Rates are a tax levied by council. Their purpose is to support the council in providing services for the benefit of all residents. Rates help pay for:
Rates are normally made up of a general rate and a service rate and/or charge. Under certain circumstances, a council may levy a construction rate or charge, or a separate rate.
The rights and responsibilities of ratepayers and councils are set out in Part 9 of the Local Government Act 1993.
A general rate is a 'progressive' tax, reflecting the land, capital or Assessed Annual Value (AAV) of property. It may involve an additional fixed charge which applies equally to every property.A council may make a general rate whether or not it provides any services to the land upon which the rating is made.
Service rate or charge
A council may make a service rate for any, all, or a combination of the following services:
The service rate is also 'progressive', being determined by the same property value as the general rate. Councils may set a minimum amount payable for a service rate if it does not include a fixed charge.
Councils may levy a service charge in addition to, or instead of , making a service rate.
A service charge is a fixed charge payable on each property. The charge may differ in various parts of the municipal area depending on the type of service being provided and the circumstances in a particular area.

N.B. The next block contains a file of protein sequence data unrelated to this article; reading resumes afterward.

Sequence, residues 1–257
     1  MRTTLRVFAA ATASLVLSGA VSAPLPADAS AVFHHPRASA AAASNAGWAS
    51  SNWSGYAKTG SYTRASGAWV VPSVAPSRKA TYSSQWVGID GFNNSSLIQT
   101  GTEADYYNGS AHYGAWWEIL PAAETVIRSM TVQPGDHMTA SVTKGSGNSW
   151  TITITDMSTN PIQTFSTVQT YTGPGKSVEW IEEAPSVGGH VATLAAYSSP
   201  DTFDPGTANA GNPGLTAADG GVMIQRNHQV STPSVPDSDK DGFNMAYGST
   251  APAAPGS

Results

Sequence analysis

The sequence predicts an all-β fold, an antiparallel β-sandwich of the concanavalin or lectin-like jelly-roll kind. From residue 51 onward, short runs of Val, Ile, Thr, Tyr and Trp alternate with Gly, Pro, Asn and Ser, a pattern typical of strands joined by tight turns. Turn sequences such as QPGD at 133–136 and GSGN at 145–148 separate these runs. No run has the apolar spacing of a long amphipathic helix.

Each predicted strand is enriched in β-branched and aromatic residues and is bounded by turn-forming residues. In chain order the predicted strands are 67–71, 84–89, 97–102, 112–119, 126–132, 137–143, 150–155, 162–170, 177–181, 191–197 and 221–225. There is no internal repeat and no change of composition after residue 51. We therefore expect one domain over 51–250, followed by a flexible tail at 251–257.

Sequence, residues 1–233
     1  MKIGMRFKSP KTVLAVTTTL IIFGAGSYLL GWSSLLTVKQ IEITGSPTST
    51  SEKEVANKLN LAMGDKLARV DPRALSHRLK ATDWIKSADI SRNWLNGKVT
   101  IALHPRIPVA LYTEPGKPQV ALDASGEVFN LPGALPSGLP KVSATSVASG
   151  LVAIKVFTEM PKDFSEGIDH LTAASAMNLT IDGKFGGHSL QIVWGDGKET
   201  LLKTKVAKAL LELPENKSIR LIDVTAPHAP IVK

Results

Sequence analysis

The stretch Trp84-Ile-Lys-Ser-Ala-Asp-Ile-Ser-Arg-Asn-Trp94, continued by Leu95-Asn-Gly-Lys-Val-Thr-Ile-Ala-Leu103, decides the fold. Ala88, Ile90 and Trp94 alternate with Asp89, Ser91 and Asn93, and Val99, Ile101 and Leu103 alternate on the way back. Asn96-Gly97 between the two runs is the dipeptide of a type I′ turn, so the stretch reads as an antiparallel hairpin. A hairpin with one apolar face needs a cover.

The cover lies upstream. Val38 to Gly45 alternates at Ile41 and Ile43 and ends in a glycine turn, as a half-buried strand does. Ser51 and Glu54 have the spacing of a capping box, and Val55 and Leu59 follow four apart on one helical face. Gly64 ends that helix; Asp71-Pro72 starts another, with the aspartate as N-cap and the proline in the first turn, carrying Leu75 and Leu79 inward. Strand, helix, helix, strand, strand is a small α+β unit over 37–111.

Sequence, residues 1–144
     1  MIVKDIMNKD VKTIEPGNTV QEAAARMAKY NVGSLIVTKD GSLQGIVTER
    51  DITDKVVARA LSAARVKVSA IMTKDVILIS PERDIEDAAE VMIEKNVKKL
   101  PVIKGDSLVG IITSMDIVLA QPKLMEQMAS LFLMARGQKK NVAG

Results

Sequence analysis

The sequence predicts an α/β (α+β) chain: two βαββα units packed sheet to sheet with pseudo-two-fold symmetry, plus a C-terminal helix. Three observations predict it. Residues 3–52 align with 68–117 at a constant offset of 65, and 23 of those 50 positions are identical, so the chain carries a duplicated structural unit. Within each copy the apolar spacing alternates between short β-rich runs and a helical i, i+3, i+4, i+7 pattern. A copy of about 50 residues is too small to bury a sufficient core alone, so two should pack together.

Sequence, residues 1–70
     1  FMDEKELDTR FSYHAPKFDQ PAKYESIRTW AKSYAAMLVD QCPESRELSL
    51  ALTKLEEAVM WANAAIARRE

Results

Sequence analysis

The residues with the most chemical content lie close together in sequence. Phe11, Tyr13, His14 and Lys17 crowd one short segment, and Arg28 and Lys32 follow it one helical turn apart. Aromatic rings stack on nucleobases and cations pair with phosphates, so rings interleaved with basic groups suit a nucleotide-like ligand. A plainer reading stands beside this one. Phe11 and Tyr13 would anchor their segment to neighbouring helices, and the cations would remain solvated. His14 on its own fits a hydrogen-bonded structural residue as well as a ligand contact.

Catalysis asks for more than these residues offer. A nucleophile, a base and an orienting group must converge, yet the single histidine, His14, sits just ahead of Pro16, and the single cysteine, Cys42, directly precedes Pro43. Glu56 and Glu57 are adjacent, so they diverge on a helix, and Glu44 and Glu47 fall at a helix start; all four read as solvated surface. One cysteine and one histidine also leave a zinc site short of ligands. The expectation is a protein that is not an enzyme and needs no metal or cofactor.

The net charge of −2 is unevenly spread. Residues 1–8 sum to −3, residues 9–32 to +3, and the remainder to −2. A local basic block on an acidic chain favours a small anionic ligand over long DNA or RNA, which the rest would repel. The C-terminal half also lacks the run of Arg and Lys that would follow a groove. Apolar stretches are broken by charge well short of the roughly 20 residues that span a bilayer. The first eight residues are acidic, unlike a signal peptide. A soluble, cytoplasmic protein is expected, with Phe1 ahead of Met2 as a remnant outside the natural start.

If a service is not provided or is unavailable, the prescribed rate or charge for that service may not apply. Nevertheless, councils may, for example, determine that a service rate relating to water supply and sewage removal still applies to unserviced land if the nearest boundary lies within 30 metres from council pipes that carry water and sewage.
Construction Rate or Charge
A construction rate or charge may be set by councils in order to provide the infrastructure currently lacking for water, sewerage or stormwater services to land that is within an established water, sewerage or drainage district.
A council may make a separate rate in respect of any land or class of land within its municipal area. This may occur where, in Council's opinion, there is a need to plan, carry out, make available, maintain or improve anything on behalf of the affected land, or owners or occupiers of that land.
If a council decides to make a separate rate it must undertake a consultation process with the ratepayers of the affected land.
A separate rate may only be made for a 5 year period before it is subject to a review process and further consultation with affected ratepayers.